Wednesday, January 29, 2014

Extra! Extra! Black America Under Attack... Or Are We Still Arguing Gun Control!?

During a conversation with a colleague today, it was brought to my attention that another attack on Black America had taken place in West Virginia. Over the weekend, new property owner, Garrick Hopkins, 60, was showing his brother, Carl Hopkins, 61, the recently purchased property that he and his wife had acquired. While doing this, their new neighbor, Rodney Bruce Black, 62, shot both of them without warning. Mr. Black informed law officials that he was "under the impression that his family still owned the property and thought they, the Hopkins', were breaking into his property." But you didn't think to at least  warn them that you were armed? Wow! Garrick Hopkins and Carl Hopkins, Barboursville, West Virginia

Earlier last week, it was brought to my attention while watching my daily dose of local news that 32-year old Cladius Smith chased, shot, and killed 21-year old Ricardo Sanes because he thought Sanes was a burglar and when he confronted Sanes and Sanes decided to walk away, Smith grabbed him to pull him back to his apartment to wait until the police arrived. When Sanes fought back, Smith said "his immediate response was to pull the trigger and fire shots." Really? And you didn't think to walk away as well all while getting a good look at the young man to inform law officials? Oh. Ok. Ricardo Sanes, Orlando, Florida

And of course, I can go on with Jonathan Ferrell, Renisha McBride, Jordan Davis, Trayvon Martin, and countless other young Blacks who have been victims of careless individuals who, for whatever reason, feel that taking a life is the way to defend oneself. (see below for stories/updates)

So, let's take a moment to talk about the message this sends to America. Or even greater, the world. As an African American female, I get the impression that to take a life, it is okay as long as you recite "self-defense". The responsibility to call on those who have sworn their lives to serve and protect seems to be optional. Or, has our faith in the justice system and law officials dwindled; which I am sure that some would argue that the system was never indented for People of Color from the beginning. Our media has done a great job sheltering the social issues from us and directing our attention on other things. And do not get me wrong, Immigration reform and LGBT Rights, issues in Egypt and Russia are all important, but how can we focus on other issues when we are telling the world that the lives of young Black Americans has no value in our society.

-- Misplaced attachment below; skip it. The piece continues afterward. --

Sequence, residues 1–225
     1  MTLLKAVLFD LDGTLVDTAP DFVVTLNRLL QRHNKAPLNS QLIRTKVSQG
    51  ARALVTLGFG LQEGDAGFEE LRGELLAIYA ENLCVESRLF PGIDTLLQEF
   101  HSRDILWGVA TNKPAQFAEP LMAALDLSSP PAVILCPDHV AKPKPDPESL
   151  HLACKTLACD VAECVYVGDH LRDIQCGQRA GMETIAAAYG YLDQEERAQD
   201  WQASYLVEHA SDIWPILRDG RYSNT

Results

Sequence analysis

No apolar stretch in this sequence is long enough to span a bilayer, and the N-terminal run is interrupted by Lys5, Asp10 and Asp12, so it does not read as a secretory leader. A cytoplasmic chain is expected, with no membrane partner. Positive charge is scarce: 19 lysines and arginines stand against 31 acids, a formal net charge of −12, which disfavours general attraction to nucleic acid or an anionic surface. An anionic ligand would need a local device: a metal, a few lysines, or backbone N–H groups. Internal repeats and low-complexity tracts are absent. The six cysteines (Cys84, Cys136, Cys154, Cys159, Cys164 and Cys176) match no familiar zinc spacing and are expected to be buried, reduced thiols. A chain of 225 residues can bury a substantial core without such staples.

And I am still in awe by the thought that there is so much fear and hate in our society that individuals are willing to face their fate and live the rest of their lives in a jail cell. Sometimes I wonder if those who have chosen to take these lives believe that they are doing something positive to impact our society. I wonder how many of these tragedies have provided jobs, changed the education system, or has solved the numerous wars overseas.

Why is it that America believes that anyone of color is a harm? Why is this message still delivered today? Especially in what so many want us to believe is a "Post-Racial America". From what I can see, majority of those who have taken the lives of these innocent victims are White, or appear to be White. But no one wants to talk about that. We have focused so much on Richard Sherman's rant or the young football star who chose to share his sexuality with the world, and other irrelevant issues that we fail to address that their is a social issue at hand and it looks like an attack on Black America.

And if you think I am dreaming this up, take a look at previous generations. I am from the Sean Bell and Amadou Diallo era. These victims were not criminals but they were treated as such. And if we dig further back, the Civil Rights Movement is only 50 years old. There are so many from within the Black community who have lost their lives due to fear and hate.

Does it really only take the "assumption" of one to declare someone a criminal or "suspicious". And is it up to us, as individuals, to determine what is suspicious?

And let's talk about Black on Black crime or "Minority on Minority" crime. Not too many people would admit or recognize the systemic divide that has been orchestrated for us, people of color, to fight against one another to sustain this long stemming system oppression that started way before slavery. For the life of me, I cannot wrap my mind around understanding why African Americans or other people of color, decide to take the life of someone they fear, instead of finding other ways to address this fear. We talk about living in a harmonious society with love and solidarity but there are some people who really do not want it or do not care to recognize the destruction that we are creating within our society.

As I wrote this, I recalled back to when I learned about genocide and its place in the U.S. society. I have the same heart wrenching feeling thinking about its place now.

Jonathan Ferrell, Charlotte. North Carolina

Renisha McBride, Detroit, Michigan

Jordan Davis, Jacksonville, Florida